What are the Best and Worst Words to Use in Your Resume?

John Krautzel
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You probably understand the need to put the right keywords in your resume to highlight your experience and qualifications. However, you might not realize that using generic, cliché and overdone words can sink your chance of getting an interview. Discover which words and phrases to leave out of your resume and the best words to include to add life to this vital document.

Phrases to Forget

The worst words and phrases to use in your resume are ones that add little or no meaning to your document. Think about the term "goal-driven" and how it has no place in a resume since most workers strive to achieve a specific goal. Similarly, most workers are also "detail-oriented" because workers must be mindful of their actions while working to avoid making mistakes. Stating you're a "team player" is also unnecessary, as your supervisor expects you to get along with your co-workers and work together with those in your department.

Add Power Words

Use positive, assertive language in key areas of your document. Power words capture attention, especially when you use them to emphasize your experiences, accomplishments and skills. For example, you could say "Facilitated a team of 15 individuals that increased sales by 12 percent in three months." Showcase your skills with the word "created," as in "Created the framework of Acme Brick's proprietary online customer ordering portal."

Power words demonstrate your achievements and recognition. These words are action words that detail what you did to solve problems in previous positions. Think about terms such as accomplished, implemented, negotiated, directed and expedited. These sound better than simply stating you're motivated and communicative. Your resume must include verbs that illustrate activity rather than adjectives that describe your personality. Employers want people who take action as opposed to candidates who describe themselves.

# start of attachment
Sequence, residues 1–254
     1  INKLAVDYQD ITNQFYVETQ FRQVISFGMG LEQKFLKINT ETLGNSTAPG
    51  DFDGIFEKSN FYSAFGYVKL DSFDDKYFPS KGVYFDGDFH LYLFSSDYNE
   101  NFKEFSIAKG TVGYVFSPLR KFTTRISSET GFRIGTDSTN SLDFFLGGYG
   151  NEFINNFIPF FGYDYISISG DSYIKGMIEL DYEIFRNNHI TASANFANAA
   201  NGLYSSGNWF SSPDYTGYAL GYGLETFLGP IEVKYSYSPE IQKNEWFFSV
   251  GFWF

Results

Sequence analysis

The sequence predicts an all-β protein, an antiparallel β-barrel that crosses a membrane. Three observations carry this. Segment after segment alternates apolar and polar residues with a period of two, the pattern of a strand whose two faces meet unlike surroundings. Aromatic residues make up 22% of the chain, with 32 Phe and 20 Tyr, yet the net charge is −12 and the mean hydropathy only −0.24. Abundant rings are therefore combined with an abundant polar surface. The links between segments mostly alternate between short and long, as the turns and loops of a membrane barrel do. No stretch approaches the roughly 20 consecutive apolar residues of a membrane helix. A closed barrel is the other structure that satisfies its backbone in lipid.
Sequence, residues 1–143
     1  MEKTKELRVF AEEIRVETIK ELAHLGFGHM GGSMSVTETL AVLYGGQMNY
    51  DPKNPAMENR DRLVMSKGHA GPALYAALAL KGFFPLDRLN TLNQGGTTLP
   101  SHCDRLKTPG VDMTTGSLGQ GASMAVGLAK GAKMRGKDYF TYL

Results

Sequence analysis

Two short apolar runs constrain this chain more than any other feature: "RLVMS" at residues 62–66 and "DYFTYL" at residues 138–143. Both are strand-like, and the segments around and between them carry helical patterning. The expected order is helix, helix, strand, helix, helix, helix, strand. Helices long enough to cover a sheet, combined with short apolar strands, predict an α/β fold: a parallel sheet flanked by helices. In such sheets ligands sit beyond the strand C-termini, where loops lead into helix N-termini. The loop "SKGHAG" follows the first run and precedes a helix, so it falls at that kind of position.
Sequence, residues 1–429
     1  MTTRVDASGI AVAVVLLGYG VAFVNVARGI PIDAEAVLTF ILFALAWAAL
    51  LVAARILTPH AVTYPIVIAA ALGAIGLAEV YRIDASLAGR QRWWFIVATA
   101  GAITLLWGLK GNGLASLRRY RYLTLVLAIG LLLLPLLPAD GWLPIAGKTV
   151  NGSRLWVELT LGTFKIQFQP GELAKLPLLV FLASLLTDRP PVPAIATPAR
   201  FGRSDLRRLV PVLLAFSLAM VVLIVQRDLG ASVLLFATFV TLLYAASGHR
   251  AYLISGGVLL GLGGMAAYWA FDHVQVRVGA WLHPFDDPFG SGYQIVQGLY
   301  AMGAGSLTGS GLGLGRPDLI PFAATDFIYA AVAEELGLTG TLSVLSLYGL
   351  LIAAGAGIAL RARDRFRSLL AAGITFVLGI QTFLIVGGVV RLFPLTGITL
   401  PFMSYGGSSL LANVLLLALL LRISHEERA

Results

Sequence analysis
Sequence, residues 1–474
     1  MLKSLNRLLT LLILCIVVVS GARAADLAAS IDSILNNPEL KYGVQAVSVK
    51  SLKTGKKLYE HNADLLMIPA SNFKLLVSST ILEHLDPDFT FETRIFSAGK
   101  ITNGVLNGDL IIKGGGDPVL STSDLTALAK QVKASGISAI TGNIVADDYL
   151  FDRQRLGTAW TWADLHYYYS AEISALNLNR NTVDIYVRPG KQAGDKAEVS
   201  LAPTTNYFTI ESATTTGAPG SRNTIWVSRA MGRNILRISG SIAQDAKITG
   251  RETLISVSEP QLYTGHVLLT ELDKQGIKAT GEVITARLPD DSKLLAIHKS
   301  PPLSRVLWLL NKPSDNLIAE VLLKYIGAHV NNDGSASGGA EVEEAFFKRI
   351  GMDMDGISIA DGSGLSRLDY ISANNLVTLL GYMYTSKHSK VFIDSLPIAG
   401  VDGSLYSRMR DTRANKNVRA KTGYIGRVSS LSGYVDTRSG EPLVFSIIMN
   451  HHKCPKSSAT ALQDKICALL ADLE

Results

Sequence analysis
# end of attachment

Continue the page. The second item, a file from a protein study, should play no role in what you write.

Instead of saying you "led" a project or "managed" a team, replace those verbs with coordinated, mobilized or mentored. Discuss how you met a goal ahead of time using the verbs attained, outperformed or surpassed. Did you help update a program or policy for the company? If so, use the words revitalized, streamlined or transformed when describing these accomplishments.

Clear and Evident

Every point in your resume should have concrete evidence to back up your claims. If you facilitated a team of 20 people and increased sales by 5 percent for 12 straight quarters, your former supervisor can say that for certain when the hiring manager calls to verify these numbers. Providing specific information in your document helps you make it to the next phase of the hiring process.

A resume serves as a professional snapshot. Therefore, you should paint a great picture by using the best words possible to invigorate your resume. Use action words that illuminate your accomplishments, experience and qualifications. Don't forget to use keywords from the job description, but remember to enliven your document with other relevant, descriptive words and phrases.

Photo courtesy of theslaay at Flickr.com


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